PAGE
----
CORINTH, Texas (CBSDFW.COM) – Nearly two years into the pandemic there is still fear and a lot of confusion about how you can catch COVID-19.
That was highlighted by an incident at a bank in Corinth on Thursday, Jan. 6 when a customer says a teller refused to accept his cash deposit.
Rick Reid pulled into the drive-through of a Wells Fargo branch in Corinth to pay his mortgage.
He had $1,000 in cash he planned to deposit.
He says he told the teller through the intercom that his wife was at home sick with COVID-19 and he needed to put money in her account.
“She realized it was cash, she sent it back, said she was pregnant and was unwilling to do the transaction and told me to leave,” says Reid. “I said I have an account here I have a mortgage I need to pay.”
Reid says he tested negative but chose to use the drive through out of an abundance of caution.
“Where is the sign that says ‘don’t bring us cash if you’ve tested positive for COVID’? Where is the protocol and information that you people should share with us? So yeah I am upset,” he said.
Reid was able to eventually make the deposit through another teller after he was initially denied.
Wells Fargo provided the following statement to CBS 11 on the matter:
We apologize for the inconvenience our customers experienced. We are reviewing our COVID protocols with our bankers at this location to ensure they are followed correctly. Throughout the COVID pandemic, the health and safety of our customers and employees have been critically important and that continues. Our bankers have been and will be here to serve the needs of our customers and communities during these challenging times.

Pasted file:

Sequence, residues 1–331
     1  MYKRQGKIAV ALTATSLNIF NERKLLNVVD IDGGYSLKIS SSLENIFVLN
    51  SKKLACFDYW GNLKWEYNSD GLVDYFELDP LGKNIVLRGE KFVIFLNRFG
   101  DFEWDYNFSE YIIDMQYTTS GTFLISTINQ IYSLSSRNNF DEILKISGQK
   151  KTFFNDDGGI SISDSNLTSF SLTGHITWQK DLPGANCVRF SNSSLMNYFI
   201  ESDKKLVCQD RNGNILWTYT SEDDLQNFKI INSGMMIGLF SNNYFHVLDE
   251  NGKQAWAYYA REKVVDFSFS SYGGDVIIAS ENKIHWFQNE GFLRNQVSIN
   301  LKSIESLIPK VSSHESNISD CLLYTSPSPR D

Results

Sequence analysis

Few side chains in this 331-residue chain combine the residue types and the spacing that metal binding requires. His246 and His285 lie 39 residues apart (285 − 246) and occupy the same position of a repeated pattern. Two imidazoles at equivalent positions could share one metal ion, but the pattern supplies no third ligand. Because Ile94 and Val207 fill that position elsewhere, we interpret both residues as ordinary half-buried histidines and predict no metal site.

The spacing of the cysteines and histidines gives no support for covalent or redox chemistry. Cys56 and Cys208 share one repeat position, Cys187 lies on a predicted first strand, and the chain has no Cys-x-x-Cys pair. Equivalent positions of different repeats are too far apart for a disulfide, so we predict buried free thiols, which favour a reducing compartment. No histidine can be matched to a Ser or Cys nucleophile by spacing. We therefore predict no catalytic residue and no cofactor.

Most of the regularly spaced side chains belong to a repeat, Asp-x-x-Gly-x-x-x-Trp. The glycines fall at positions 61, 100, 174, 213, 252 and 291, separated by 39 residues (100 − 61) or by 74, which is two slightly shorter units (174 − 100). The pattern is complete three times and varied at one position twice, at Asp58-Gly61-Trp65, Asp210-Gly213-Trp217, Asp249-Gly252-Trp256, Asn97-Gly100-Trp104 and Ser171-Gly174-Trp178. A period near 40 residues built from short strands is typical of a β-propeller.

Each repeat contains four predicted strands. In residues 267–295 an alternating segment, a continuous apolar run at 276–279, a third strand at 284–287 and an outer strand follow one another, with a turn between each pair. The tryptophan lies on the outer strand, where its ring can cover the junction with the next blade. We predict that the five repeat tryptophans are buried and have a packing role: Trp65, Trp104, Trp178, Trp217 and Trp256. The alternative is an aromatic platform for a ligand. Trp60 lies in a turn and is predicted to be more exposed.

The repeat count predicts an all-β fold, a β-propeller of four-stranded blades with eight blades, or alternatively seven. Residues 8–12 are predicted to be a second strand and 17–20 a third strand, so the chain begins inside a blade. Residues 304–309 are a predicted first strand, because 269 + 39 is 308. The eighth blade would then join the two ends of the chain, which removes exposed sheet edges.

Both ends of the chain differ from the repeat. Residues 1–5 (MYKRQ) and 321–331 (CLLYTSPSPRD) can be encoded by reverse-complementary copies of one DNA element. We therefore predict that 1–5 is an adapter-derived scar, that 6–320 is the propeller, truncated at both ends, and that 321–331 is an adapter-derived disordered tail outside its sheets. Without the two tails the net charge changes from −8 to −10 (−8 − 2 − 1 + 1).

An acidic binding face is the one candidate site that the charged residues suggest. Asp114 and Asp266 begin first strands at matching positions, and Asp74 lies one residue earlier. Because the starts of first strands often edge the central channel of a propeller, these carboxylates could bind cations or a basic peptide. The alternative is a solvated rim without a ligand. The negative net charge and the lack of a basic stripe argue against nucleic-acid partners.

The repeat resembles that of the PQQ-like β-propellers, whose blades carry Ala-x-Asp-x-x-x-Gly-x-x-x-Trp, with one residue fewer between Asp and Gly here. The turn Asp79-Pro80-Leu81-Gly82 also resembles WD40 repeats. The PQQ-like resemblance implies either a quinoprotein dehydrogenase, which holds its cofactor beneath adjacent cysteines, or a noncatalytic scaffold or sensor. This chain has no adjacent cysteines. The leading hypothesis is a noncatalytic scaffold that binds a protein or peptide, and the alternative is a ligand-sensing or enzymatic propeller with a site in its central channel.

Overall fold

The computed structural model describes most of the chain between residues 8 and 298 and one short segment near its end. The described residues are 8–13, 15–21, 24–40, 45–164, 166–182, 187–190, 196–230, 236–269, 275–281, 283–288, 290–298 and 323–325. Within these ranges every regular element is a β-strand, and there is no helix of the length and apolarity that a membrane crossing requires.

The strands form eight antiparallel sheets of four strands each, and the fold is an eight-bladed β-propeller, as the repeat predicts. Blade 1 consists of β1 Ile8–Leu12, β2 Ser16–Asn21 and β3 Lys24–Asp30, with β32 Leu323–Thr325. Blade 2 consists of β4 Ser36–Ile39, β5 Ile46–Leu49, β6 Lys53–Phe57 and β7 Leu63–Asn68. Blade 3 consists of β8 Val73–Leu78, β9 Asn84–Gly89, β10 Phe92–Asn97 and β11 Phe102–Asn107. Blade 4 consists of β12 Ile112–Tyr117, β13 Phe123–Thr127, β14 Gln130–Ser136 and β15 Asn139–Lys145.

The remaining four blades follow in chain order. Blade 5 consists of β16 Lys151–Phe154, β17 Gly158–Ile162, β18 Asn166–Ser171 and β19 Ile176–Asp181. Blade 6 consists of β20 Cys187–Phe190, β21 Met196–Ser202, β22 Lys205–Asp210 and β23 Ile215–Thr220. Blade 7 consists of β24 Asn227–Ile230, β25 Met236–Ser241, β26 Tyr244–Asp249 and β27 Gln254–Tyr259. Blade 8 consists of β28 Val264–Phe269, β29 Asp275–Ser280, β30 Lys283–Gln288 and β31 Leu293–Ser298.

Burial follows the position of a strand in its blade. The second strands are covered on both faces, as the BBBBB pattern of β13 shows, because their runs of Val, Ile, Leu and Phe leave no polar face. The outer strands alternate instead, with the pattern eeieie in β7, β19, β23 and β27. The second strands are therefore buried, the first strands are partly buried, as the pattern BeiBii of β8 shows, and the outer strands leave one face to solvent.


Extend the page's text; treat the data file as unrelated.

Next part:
The incident is an example of the uncertainty many people still feel nearly two years into the pandemic.
Doctors we spoke say that while COVID-19 can survive on some surfaces for a short time, you are more likely to get the virus from fresh respiratory droplets directly from another person.
“If you touch a big glob of mucous and then you touch your mouth or your eye or something like that, that would possible to spread it that way, but in the absence of something like that, touching materials that other people have touched is really not risky,” says Dr. Beth Kassanof-Piper, Dallas County Medical Society Immediate Past President.